Soybean breeding for improved oil quality by selecting high oleic low linolenic, high yielding lines using single nucleotide polymorphisms to identify mutant FAD2-1A, FAD2-1B, FAD3A and FAD3C alleles
Willette, A., V. R. Pantalone, H. Bhandari, C. E. Sams, F. Chen, and V. R. Sykes.  2018.  Crop Science Society of America, ASA-CSSA Annual Meeting, November 4-7, 2018, Baltimore, MD.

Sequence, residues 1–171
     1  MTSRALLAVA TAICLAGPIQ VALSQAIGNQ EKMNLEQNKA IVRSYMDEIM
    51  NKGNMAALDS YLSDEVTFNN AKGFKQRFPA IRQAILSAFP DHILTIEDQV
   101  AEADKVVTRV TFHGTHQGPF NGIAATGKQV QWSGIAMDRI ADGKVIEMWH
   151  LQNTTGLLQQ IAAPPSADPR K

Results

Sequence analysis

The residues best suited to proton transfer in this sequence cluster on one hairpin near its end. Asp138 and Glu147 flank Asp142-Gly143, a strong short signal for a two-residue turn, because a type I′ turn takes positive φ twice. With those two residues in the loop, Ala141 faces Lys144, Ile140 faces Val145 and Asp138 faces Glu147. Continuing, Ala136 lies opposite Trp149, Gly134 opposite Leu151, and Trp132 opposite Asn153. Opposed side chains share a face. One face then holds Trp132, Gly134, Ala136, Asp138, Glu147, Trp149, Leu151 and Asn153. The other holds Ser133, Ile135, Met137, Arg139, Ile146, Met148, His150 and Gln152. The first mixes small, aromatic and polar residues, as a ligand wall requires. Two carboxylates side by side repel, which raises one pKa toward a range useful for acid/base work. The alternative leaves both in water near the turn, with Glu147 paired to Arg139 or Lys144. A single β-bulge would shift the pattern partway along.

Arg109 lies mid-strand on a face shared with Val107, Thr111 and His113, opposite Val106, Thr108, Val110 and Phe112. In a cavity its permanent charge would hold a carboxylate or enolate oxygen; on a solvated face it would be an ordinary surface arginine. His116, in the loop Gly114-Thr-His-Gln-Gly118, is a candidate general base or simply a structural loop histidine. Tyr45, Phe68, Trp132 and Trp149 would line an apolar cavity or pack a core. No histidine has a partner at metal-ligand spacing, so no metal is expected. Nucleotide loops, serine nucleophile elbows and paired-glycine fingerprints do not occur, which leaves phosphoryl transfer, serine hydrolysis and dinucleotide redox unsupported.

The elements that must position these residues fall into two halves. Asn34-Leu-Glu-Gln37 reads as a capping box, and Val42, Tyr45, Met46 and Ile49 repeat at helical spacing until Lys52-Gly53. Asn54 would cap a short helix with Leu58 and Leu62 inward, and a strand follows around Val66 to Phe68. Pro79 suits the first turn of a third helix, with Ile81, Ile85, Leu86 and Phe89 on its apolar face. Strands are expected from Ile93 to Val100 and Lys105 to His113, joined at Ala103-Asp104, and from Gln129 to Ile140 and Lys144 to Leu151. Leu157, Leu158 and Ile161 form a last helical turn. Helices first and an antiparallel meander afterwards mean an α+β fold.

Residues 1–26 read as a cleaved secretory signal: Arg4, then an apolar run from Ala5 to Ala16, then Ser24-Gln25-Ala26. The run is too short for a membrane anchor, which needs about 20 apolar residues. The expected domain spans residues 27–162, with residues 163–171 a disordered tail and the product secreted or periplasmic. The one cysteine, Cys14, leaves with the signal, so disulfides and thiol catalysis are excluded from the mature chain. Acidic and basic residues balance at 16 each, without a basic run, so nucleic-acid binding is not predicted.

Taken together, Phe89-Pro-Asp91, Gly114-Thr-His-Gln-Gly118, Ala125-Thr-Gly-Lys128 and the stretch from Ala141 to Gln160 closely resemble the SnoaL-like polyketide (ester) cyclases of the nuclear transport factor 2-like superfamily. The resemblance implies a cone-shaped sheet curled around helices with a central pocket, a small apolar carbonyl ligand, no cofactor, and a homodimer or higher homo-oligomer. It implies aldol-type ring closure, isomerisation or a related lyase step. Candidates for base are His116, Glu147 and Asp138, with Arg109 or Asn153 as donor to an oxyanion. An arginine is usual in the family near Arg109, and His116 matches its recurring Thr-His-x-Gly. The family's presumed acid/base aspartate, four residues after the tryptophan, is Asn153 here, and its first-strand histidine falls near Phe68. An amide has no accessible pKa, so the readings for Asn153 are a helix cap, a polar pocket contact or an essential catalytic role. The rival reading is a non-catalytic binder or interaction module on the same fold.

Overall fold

Soybean oil typically contains 80-120 g kg-1 of linolenic fatty acids, causing rapid rancidity in vegetable oil. Several processes have been investigated such as breeding methods, extraction using metal chelates, and reaction methods using hydrogen, in producing more stable vegetable oil. Most soybean oil producers chose hydrogenation due to cost and odor eliminating capacity. Unfortunately, hydrogenated oils had startling impacts to human health, causing coronary heart disease and cardiovascular disease. In 2015 the FDA declared that partially hydrogenated oils were no longer generally recognized as safe. In order to accommodate the need for a superior quality oil, not requiring hydrogenation, the United Soybean Board’s standards were set at producing high oleic (>750 g kg-1) and low linolenic (< 30 g kg-1) oil. Alleles FAD2-1A, FAD2-1B, FAD3A, and FAD3C have been mapped to regulation of oleic acid (18:1) and linolenic acid (18:3) accumulation. Employing single nucleotide polymorphism’s (SNP’s) to indicate high oleic (HO) and low linolenic (LL) mutant genotypes, and confirming phenotypic response using gas chromatography soybean breeders can produce soybeans with more stable soybean oil. In 2017 a study comparing four genotypic classes of BC3F3 near isogenic lines with parents and checks was performed at two Tennessee locations. The test contained two replications of two row plots in a randomized complete block design at East Tennessee Research and Education Center and Highland Rim Research and Education Center. A yield test was performed on high oleic lines that were double mutant at the FAD2-1 loci but varied at FAD3A and FAD3C loci. Analysis using generalized linear mixed model GLIMMIX of SAS 9.4 indicated that no yield drag was associated with high oleic low linolenic lines containing quadruple mutant genotype when compared to checks and parents.